Privy Council of the United Kingdom
Her Majesty's Most Honourable Privy Council known as the Privy Council of the United Kingdom or just the Privy Council, is a formal body of advisers to the Sovereign of the United Kingdom. Its membership comprises senior politicians who are current or former members of either the House of Commons or the House of Lords; the Privy Council formally advises the sovereign on the exercise of the Royal Prerogative, corporately it issues executive instruments known as Orders in Council, which among other powers enact Acts of Parliament. The Council holds the delegated authority to issue Orders of Council used to regulate certain public institutions; the Council advises the sovereign on the issuing of Royal Charters, which are used to grant special status to incorporated bodies, city or borough status to local authorities. Otherwise, the Privy Council's powers have now been replaced by its executive committee, the Cabinet of the United Kingdom. Certain judicial functions are performed by the Queen-in-Council, although in practice its actual work of hearing and deciding upon cases is carried out day-to-day by the Judicial Committee of the Privy Council.
The Judicial Committee consists of senior judges appointed as Privy Counsellors: predominantly Justices of the Supreme Court of the United Kingdom and senior judges from the Commonwealth. The Privy Council acted as the High Court of Appeal for the entire British Empire, continues to hear appeals from the Crown Dependencies, the British Overseas Territories, some independent Commonwealth states; the Privy Council of the United Kingdom was preceded by the Privy Council of Scotland and the Privy Council of England. The key events in the formation of the modern Privy Council are given below: In Anglo-Saxon England, Witenagemot was an early equivalent to the Privy Council of England. During the reigns of the Norman monarchs, the English Crown was advised by a royal court or curia regis, which consisted of magnates and high officials; the body concerned itself with advising the sovereign on legislation and justice. Different bodies assuming distinct functions evolved from the court; the courts of law took over the business of dispensing justice, while Parliament became the supreme legislature of the kingdom.
The Council retained the power to hear legal disputes, either in the first instance or on appeal. Furthermore, laws made by the sovereign on the advice of the Council, rather than on the advice of Parliament, were accepted as valid. Powerful sovereigns used the body to circumvent the Courts and Parliament. For example, a committee of the Council—which became the Court of the Star Chamber—was during the 15th century permitted to inflict any punishment except death, without being bound by normal court procedure. During Henry VIII's reign, the sovereign, on the advice of the Council, was allowed to enact laws by mere proclamation; the legislative pre-eminence of Parliament was not restored until after Henry VIII's death. Though the royal Council retained legislative and judicial responsibilities, it became a administrative body; the Council consisted of forty members in 1553, but the sovereign relied on a smaller committee, which evolved into the modern Cabinet. By the end of the English Civil War, the monarchy, House of Lords, Privy Council had been abolished.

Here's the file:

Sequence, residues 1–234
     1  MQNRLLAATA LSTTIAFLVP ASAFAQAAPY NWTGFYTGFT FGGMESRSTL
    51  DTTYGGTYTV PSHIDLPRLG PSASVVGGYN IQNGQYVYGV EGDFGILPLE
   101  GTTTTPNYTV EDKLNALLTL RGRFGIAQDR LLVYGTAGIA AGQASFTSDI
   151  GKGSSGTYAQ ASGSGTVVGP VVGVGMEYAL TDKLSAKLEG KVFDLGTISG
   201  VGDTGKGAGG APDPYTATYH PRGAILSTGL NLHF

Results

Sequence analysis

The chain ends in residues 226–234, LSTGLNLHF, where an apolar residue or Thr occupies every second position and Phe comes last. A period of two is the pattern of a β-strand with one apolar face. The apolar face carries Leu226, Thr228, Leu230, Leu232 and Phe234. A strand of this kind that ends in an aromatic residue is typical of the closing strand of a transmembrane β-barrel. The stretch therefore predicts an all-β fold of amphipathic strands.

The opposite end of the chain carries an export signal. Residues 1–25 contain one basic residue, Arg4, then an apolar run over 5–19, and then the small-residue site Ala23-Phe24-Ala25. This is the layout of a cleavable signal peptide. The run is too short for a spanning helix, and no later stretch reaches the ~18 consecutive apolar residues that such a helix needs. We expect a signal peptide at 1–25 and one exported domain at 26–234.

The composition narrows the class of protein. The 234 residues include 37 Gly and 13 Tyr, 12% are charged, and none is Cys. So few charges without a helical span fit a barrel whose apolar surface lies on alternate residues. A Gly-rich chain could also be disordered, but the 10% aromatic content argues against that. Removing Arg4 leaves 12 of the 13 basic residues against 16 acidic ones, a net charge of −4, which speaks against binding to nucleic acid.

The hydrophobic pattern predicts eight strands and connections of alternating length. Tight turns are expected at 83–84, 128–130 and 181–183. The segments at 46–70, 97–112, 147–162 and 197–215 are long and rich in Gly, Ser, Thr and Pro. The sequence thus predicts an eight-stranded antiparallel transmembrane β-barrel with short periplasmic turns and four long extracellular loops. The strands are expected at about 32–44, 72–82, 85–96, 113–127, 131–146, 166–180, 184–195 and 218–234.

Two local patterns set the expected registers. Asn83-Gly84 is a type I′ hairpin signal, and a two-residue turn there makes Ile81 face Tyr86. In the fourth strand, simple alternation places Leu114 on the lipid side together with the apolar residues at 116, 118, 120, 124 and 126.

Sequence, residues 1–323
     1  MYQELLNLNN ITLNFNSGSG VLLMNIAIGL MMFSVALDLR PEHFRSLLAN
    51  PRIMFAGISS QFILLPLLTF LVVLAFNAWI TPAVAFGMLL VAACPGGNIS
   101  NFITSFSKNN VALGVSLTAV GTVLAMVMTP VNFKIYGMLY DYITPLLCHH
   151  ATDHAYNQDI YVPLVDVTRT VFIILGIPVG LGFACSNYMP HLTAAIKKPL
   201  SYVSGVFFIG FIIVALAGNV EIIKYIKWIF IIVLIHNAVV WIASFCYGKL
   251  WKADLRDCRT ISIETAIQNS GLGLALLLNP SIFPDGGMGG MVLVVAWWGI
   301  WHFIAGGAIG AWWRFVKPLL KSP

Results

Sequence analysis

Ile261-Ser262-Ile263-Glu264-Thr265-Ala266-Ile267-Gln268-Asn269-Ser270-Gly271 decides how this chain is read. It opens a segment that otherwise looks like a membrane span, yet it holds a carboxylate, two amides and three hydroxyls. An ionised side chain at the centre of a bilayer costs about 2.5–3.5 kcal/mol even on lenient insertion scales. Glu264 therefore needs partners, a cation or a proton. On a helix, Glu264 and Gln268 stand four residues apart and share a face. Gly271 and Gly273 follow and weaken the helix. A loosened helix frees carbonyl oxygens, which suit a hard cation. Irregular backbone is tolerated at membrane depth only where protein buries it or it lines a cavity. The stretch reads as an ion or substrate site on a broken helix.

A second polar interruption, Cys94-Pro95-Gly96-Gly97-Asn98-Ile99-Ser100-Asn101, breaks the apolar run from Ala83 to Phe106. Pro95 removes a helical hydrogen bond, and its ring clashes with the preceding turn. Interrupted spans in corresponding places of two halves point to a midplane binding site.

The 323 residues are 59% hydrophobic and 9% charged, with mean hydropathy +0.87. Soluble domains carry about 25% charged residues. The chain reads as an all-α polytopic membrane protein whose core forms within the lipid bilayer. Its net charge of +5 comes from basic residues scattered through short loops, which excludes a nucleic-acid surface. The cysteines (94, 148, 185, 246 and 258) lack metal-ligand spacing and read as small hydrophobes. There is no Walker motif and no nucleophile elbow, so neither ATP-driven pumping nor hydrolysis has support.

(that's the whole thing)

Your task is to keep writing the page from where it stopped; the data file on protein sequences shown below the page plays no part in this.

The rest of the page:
The remaining parliamentary chamber, the House of Commons, instituted a Council of State to execute laws and to direct administrative policy. The forty-one members of the Council were elected by the House of Commons. In 1653, Cromwell became Lord Protector, the Council was reduced to between thirteen and twenty-one members, all elected by the Commons. In 1657, the Commons granted Cromwell greater powers, some of which were reminiscent of those enjoyed by monarchs; the Council became known as the Protector's Privy Council. In 1659, shortly before the restoration of the monarchy, the Protector's Council was abolished. Charles II restored the Royal Privy Council, but he, like previous Stuart monarchs, chose to rely on a small group of advisers. Under George I more power transferred to this committee, it now began to meet in the absence of the sovereign, communicating its decisions to him after the fact. Thus, the British Privy Council, as a whole, ceased to be a body of important confidential advisers to the sovereign.
According to the Oxford English Dictionary, the definition of the word privy in Privy Council is an obsolete meaning "of or pertaining to a particular person or persons, one's own". It is related to the word private, derives from the French word privé; the sovereign, when acting on the Council's advice, is known as the King-in-Council or Queen-in-Council. The members of the Council are collectively known as The Lords of Her Majesty's Most Honourable Privy Council; the chief officer of the body is the Lord President of the Council, the fourth highest Great Officer of State, a Cabinet member and either the Leader of the House of Lords or of the House of Commons. Another important official is the Clerk, whose signature is appended to all orders made in the Council. Both Privy Counsellor and Privy Councillor may be used to refer to a member of the Council; the former, however, is preferred by the Privy Council Office, emphasising English usage of the term Counsellor a